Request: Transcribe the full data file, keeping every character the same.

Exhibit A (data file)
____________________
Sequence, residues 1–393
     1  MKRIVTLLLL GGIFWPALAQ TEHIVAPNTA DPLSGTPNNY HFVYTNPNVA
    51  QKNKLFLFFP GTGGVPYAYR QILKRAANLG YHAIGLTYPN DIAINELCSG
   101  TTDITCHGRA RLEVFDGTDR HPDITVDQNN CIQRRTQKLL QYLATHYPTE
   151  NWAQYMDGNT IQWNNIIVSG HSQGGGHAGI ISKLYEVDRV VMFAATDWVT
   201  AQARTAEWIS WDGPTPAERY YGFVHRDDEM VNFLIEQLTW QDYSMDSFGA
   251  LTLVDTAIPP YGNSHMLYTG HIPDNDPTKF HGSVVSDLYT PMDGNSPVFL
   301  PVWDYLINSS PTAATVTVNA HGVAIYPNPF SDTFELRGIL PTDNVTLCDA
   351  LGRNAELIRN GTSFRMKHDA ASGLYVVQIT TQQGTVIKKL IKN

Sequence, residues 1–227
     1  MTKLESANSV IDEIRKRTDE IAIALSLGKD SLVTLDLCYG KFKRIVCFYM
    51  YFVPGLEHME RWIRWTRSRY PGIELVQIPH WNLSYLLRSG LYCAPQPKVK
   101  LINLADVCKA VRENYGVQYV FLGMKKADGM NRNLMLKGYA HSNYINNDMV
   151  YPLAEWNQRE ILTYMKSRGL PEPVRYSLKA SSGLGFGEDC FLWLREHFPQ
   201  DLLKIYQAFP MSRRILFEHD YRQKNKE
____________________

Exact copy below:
Sequence, residues 1–393
     1  MKRIVTLLLL GGIFWPALAQ TEHIVAPNTA DPLSGTPNNY HFVYTNPNVA
    51  QKNKLFLFFP GTGGVPYAYR QILKRAANLG YHAIGLTYPN DIAINELCSG
   101  TTDITCHGRA RLEVFDGTDR HPDITVDQNN CIQRRTQKLL QYLATHYPTE
   151  NWAQYMDGNT IQWNNIIVSG HSQGGGHAGI ISKLYEVDRV VMFAATDWVT
   201  AQARTAEWIS WDGPTPAERY YGFVHRDDEM VNFLIEQLTW QDYSMDSFGA
   251  LTLVDTAIPP YGNSHMLYTG HIPDNDPTKF HGSVVSDLYT PMDGNSPVFL
   301  PVWDYLINSS PTAATVTVNA HGVAIYPNPF SDTFELRGIL PTDNVTLCDA
   351  LGRNAELIRN GTSFRMKHDA ASGLYVVQIT TQQGTVIKKL IKN

Sequence, residues 1–227
     1  MTKLESANSV IDEIRKRTDE IAIALSLGKD SLVTLDLCYG KFKRIVCFYM
    51  YFVPGLEHME RWIRWTRSRY PGIELVQIPH WNLSYLLRSG LYCAPQPKVK
   101  LINLADVCKA VRENYGVQYV FLGMKKADGM NRNLMLKGYA HSNYINNDMV
   151  YPLAEWNQRE ILTYMKSRGL PEPVRYSLKA SSGLGFGEDC FLWLREHFPQ
   201  DLLKIYQAFP MSRRILFEHD YRQKNKE